WASHINGTON (Gray DC) -- Donating a kidney can be an expensive endeavor for Americans. President Trump is proposing a plan to compensate donors for out-of-pocket costs.
Sherri Heller helped save her brother's life by donating a kidney to him. She is pictured here with your brother. (Source: Gray DC)
“My brother went into sudden kidney failure 5 years ago…it was pretty dire for him,” said Sherri Heller, a living kidney donor.
Sherri Heller saved her brother’s life by donating a kidney to him.
“The gift of life is so precious,” said Heller.
But Heller and other kidney donors like her have to bear some cost of saving lives.
Hospital trips, child care and lost wages from being out of work add up.
“There’s the travel back and forth for testing and screening, for the transplant…I probably spent easily a thousand dollars on hotel rooms and plane fares,” said Heller.
There is already a federal program in place to reimburse *some* of those non-medical expenses. The Administration plans to do more.
President Trump signed an Executive Order in the summer calling for improvements to kidney health across the nation. Right now, there are income caps in place that determine who gets reimbursed for donating a kidney. The order calls for raising those caps and expanding reimbursements to include things like child care and lost wages.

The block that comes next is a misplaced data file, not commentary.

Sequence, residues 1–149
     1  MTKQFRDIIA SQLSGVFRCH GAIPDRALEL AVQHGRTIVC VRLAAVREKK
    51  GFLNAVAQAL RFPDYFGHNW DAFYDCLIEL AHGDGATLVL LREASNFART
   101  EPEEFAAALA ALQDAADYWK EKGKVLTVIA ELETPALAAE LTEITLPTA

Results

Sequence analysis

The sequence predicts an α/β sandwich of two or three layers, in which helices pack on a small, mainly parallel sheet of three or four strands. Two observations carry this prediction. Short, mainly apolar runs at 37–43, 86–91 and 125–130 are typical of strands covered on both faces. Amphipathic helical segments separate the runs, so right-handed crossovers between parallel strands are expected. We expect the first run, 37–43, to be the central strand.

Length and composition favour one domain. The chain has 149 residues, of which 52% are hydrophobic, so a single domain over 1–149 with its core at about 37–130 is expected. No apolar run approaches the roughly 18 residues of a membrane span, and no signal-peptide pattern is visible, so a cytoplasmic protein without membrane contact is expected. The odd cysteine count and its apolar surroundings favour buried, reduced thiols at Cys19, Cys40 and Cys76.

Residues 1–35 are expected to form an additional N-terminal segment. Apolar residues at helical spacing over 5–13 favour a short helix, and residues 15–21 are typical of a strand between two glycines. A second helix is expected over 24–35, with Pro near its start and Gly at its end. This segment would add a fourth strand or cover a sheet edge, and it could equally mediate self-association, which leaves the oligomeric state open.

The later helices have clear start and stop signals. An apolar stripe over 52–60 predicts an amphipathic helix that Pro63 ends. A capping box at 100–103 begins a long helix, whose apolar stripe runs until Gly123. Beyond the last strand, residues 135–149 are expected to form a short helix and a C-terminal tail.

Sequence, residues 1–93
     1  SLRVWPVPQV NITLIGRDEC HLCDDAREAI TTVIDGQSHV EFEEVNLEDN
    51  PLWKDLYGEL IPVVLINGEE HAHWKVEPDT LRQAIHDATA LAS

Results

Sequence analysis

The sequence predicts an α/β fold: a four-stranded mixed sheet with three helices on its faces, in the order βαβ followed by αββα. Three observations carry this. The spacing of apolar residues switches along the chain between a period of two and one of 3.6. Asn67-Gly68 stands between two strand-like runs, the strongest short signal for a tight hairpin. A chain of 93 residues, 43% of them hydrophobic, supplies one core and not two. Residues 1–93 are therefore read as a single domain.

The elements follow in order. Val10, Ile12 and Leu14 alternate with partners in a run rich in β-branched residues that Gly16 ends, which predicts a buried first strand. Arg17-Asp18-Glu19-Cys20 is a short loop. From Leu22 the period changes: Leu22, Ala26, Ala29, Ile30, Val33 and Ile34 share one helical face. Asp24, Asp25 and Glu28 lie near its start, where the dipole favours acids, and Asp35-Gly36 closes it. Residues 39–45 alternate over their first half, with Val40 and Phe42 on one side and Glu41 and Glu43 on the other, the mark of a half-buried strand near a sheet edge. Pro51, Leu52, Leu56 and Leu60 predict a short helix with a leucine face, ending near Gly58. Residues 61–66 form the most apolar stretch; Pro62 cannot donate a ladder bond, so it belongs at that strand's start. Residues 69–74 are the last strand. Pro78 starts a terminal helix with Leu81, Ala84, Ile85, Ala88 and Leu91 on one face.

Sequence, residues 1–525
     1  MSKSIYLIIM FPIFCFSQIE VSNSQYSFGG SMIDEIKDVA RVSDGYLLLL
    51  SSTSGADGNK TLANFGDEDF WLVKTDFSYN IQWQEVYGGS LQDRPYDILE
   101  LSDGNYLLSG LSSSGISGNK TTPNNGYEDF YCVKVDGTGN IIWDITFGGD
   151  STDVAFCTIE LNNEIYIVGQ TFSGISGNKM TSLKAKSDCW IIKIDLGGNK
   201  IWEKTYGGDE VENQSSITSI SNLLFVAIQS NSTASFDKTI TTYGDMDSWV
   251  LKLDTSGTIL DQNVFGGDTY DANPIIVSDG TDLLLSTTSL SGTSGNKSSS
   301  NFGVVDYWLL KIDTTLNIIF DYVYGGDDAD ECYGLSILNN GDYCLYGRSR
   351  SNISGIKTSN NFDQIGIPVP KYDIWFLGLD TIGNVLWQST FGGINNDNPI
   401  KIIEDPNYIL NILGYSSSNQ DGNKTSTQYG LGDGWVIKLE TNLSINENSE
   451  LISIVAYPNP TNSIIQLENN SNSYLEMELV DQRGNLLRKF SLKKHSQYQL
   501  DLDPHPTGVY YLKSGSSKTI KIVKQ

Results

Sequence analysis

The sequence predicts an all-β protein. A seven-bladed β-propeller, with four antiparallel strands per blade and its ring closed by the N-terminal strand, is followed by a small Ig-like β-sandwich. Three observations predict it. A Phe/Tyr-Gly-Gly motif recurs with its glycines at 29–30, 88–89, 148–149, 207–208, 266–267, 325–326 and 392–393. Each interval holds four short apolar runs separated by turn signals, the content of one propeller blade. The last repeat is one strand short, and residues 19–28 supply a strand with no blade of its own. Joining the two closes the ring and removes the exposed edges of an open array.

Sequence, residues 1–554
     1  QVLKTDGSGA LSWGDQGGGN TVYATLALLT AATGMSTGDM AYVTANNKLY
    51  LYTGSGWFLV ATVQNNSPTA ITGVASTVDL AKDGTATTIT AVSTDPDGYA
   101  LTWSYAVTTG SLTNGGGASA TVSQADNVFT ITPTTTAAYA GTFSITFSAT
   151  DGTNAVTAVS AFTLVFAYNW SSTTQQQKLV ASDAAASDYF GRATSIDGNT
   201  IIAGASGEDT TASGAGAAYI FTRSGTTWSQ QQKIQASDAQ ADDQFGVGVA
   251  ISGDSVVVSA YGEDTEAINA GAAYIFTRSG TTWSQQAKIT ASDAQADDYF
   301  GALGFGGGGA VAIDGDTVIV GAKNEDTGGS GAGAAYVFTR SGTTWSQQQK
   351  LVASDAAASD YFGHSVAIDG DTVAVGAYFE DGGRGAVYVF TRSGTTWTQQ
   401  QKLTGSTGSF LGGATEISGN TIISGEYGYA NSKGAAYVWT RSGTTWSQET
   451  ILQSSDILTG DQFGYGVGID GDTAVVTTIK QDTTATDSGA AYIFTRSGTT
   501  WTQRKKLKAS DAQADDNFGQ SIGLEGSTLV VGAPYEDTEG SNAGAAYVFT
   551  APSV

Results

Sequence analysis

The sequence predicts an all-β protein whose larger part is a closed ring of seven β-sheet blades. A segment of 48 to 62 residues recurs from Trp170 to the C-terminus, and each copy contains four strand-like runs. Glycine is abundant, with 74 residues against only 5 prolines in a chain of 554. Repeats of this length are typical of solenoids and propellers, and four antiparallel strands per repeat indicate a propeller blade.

That means more donors will get compensated.
Doctor and Professor Jonathan Moreno at the University of Pennsylvania Medical Ethics and Health Policy said he supports the idea of reimbursing donors, but he is concerned if donors will be compensated fairly.
“The devil is in the details. Some people will lose more wages because they’re bigger earners. Some people won’t lose any…these are hard calls and there will always be criticism that some people are doing it for the money,” said Moreno.
Moreno says certain restrictions are also needed to make sure the reimbursement system doesn’t turn into a payment system for organs.
The President’s proposal has moved on to the next step. It is now being reviewed by the Office of Management and Budget.
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